Emory Profile >>

Jamie Weems: Helping young poets find their 'Brave New Voices'

By Kimber Williams | Emory Report | June 22, 2015

Story image

The lifelong friendship between library staffer Jamie Weems (left) and Hodari Davis built the bridge that will bring 600 young poets to Emory in July for an international youth poetry slam. Emory Photo/Video

Jamie Weems doesn’t consider herself a poet. But there are hundreds of them that she’d like you to meet.

This summer, Weems is playing a pivotal role in bringing some 600 young poets to Emory for the 2015 Brave New Voices Festival, July 15-18 — four days of poetry workshops, special events and performances that culminate in an acclaimed international youth poetry slam. Many events are free and open to the public, including an opening ceremony on Wednesday, July 15, from 6 to 9 p.m. at the Glenn Memorial Church, but registration is required for most events. Tickets are necessary for the Grand Slam Finals competition, which will be held Saturday, July 18, at 8 p.m. at Atlanta Symphony Hall in the Woodruff Arts Center.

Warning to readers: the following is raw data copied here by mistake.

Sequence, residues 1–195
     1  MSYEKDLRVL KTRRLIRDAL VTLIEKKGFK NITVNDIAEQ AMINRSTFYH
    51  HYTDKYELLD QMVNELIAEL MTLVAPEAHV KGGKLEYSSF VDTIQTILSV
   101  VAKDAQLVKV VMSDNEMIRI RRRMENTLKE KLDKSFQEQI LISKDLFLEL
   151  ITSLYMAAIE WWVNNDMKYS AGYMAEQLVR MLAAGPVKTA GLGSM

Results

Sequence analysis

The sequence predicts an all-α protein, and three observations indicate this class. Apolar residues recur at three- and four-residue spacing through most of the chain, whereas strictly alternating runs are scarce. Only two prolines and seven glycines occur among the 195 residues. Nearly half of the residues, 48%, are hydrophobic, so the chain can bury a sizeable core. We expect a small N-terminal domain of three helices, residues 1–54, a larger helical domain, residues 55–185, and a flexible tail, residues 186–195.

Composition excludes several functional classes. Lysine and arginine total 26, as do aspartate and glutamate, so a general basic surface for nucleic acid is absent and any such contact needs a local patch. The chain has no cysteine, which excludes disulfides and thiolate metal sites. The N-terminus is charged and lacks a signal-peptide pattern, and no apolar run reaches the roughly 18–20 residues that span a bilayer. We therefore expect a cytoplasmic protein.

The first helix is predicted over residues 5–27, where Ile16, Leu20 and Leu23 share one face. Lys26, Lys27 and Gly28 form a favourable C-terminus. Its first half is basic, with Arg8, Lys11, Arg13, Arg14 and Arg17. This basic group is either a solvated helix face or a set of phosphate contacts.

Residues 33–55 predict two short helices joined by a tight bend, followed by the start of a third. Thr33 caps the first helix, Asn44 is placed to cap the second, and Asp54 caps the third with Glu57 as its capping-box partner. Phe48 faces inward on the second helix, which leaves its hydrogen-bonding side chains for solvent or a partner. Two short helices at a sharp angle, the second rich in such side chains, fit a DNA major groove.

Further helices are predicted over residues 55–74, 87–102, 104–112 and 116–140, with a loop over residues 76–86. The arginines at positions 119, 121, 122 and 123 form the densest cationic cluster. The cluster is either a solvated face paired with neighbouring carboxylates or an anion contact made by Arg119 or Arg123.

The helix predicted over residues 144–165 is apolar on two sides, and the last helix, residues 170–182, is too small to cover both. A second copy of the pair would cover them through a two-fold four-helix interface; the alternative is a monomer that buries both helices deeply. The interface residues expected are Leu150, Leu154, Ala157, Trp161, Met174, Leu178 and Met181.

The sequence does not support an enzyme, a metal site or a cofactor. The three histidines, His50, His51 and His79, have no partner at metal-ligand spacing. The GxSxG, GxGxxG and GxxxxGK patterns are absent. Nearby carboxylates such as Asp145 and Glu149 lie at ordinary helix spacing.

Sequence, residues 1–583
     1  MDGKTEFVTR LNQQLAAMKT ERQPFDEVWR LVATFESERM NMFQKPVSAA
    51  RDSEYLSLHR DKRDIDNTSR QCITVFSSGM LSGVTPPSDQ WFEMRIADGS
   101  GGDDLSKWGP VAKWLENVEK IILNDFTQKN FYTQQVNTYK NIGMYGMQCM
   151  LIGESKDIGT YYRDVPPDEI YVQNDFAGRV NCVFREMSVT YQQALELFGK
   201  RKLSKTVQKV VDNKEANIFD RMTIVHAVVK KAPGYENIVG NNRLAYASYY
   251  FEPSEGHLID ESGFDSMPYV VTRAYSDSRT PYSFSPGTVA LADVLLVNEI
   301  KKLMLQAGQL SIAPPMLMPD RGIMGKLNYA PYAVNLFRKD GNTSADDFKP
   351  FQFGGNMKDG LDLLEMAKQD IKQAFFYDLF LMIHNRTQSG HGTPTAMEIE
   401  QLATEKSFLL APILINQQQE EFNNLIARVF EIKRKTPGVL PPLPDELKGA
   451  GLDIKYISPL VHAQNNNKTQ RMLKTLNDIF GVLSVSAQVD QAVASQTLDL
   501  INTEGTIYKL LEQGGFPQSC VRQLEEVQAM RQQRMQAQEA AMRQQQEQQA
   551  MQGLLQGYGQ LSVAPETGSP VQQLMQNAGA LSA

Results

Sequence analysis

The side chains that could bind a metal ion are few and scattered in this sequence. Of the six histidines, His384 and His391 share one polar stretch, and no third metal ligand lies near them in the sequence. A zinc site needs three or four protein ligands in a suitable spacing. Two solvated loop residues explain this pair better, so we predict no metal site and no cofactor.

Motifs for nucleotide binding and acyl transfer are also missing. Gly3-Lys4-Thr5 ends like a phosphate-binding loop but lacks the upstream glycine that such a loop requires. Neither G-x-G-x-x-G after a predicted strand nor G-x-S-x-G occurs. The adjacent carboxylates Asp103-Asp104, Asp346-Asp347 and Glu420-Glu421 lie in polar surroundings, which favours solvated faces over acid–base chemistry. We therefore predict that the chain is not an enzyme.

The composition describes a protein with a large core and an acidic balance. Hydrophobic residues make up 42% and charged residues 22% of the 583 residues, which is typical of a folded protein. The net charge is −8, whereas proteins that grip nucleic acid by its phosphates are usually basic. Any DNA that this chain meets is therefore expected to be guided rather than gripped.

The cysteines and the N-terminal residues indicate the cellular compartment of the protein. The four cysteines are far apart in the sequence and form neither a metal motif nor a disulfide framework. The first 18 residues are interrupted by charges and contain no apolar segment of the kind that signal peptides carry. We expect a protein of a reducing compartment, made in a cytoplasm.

Helping to promote the power of young poets has been an unexpected journey for Weems, who serves as an administrative assistant to Emory University Librarian Yolanda Cooper. It’s a pathway that actually begins with a connection that stretches back to her childhood in Ithaca, New York, and Hodari Davis, executive producer of the festival and a lifelong friend. 

Davis recently visited Weems on campus to prepare for the upcoming festival, so Emory Report caught up with the two friends to talk about poetry in the lives of young people and what brings Brave New Voices to Emory this summer.

How did you two meet?

Weems: Hodari is someone I went to elementary school with back in Ithaca, New York. His mother, Laroilyn Davis, is a gifted educator who taught black history through poetry and performance with a program she founded called Young, Gifted and Black.

Davis: I grew up performing — lots of poetry, lots of public speaking. My strongest memories from childhood are of being on stage right before the curtains opened. But it gave me an appreciation of poetry, African American history and the passing on of culture.

How was the Brave New Voices Festival created?

Davis: James Kass was a student at San Francisco State University who was disillusioned with how poetry was being taught to young people. Rather than alienating them, he was interested in opening doors to share stories and redefine what it means to be a poet and to write poetry. The most radical thing was to give them a microphone and permission to share their stories.

That was the beginning of Youth Speaks, an organization that helps young people develop their voices as creators of social change. In 1996, the first Brave New Voices was held with only about four teams. We’re now on our 18th festival representing more than 70 organizations from the U.S. and abroad — over 600 young poets who will come to Emory to share their words together.

Jamie, how did you become involved?